State superintendent candidate Jill Underly raised 16 times more than opponent Deborah Kerr in the latest period ahead of the April 6 election, according to campaign finance reports filed Monday.
Underly raised more than $1.14 million and spent $818,063 between Feb. 2 and March 22, according to her campaign report. Kerr raised more than $71,000 and spent $47,000 in the same timeframe, her campaign reported. Underly overtook Kerr in spending and contributions after Kerr led a crowded field of candidates ahead of the February primary.
Underly received more than $239,000 in campaign contributions from individual donors, while more than $901,000 came from political committees, including $600,000 in cash and $140,000 in in-kind contributions from the Democratic Party of Wisconsin.
Kerr received more than $66,000 in campaign contributions from individual donors, including $20,000 from GOP megadonor Diane Hendricks and $18,800 from Richard Pieper, founder of the Wisconsin Character Education Partnership. Another $5,000 came from a political action committee supporting former Republican Lt. Gov. Rebecca Kleefisch.
Underly’s biggest expenditures included $35,000 to Victorystore.com to have yard signs printed, $103,558 to Scasey Communications for mailings, media and online advertising, and $462,848 to Strother Nuckels for media consulting fees and television advertisements.
Kerr’s biggest expenditures include $20,069 in consulting fees and $10,486 in legal fees and television-related expenses.
The race for the top education position in Wisconsin, the only statewide contest on the April 6 ballot, has amplified political divisions around public dollars for private and charter school vouchers in a historically nonpartisan election, the effect of Act 10 on teachers and unions, as well as the effort to get students back into classrooms amid the COVID-19 pandemic.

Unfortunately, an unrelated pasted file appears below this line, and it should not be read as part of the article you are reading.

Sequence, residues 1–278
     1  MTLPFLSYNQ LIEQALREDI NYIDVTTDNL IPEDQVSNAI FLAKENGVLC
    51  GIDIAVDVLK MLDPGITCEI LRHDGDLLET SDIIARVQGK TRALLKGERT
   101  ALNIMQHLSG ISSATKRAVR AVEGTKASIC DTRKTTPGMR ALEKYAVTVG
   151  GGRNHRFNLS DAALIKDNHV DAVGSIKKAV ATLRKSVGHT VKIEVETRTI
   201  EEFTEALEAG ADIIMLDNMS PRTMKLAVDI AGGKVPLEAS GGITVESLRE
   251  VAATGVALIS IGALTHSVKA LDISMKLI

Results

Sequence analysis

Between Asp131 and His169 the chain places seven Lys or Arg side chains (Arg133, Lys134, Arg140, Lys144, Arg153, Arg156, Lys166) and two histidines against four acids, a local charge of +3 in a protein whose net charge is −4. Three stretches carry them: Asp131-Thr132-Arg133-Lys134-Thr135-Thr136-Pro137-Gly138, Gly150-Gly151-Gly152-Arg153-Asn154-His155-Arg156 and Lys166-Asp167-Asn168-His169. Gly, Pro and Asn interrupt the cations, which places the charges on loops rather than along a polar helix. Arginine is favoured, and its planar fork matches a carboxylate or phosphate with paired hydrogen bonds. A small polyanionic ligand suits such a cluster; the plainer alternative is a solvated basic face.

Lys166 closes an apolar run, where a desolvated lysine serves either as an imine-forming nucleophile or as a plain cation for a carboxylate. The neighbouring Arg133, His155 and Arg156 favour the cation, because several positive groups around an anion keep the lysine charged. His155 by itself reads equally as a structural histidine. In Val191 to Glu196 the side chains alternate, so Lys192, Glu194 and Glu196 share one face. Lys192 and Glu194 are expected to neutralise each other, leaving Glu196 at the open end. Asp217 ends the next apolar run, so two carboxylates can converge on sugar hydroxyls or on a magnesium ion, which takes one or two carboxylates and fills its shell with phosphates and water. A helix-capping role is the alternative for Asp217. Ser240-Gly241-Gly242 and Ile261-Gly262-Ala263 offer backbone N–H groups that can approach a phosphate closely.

Despite the nonpartisan nature of the race, Underly has received endorsements from the state’s largest teachers union and the Wisconsin Democratic Party while Kerr has garnered Republican financial backers and support, including an endorsement from former Gov. Scott Walker.
In forums and interviews, Underly has said she would like to leave the decision to return students to classrooms amid the COVID-19 pandemic up to districts while considering a possible early start to the 2021-22 school year — if the district chooses to go that route — to make up for lost learning time. Kerr has said she would like to return all students to classrooms as quickly and safely as possible with virus mitigation efforts in place.
In regard to private school vouchers, Democrats have long argued the program diverts tax dollars from public schools to help students attend private school and has increased pressure on public school districts to turn to referendums for operating funds. Republicans say the voucher program provides options for families who are unable to afford private schools and their students who might be struggling in a public district.
In forums leading up to the election, Kerr has said she supports school vouchers and wants to bring the two parties together to find a funding solution, while Underly, who said she is “100% unapologetically pro-public schools,” has called for a freeze in enrollment in the school voucher program, an effort former state superintendent and current Gov. Tony Evers tried unsuccessfully to pass with his first biennial budget.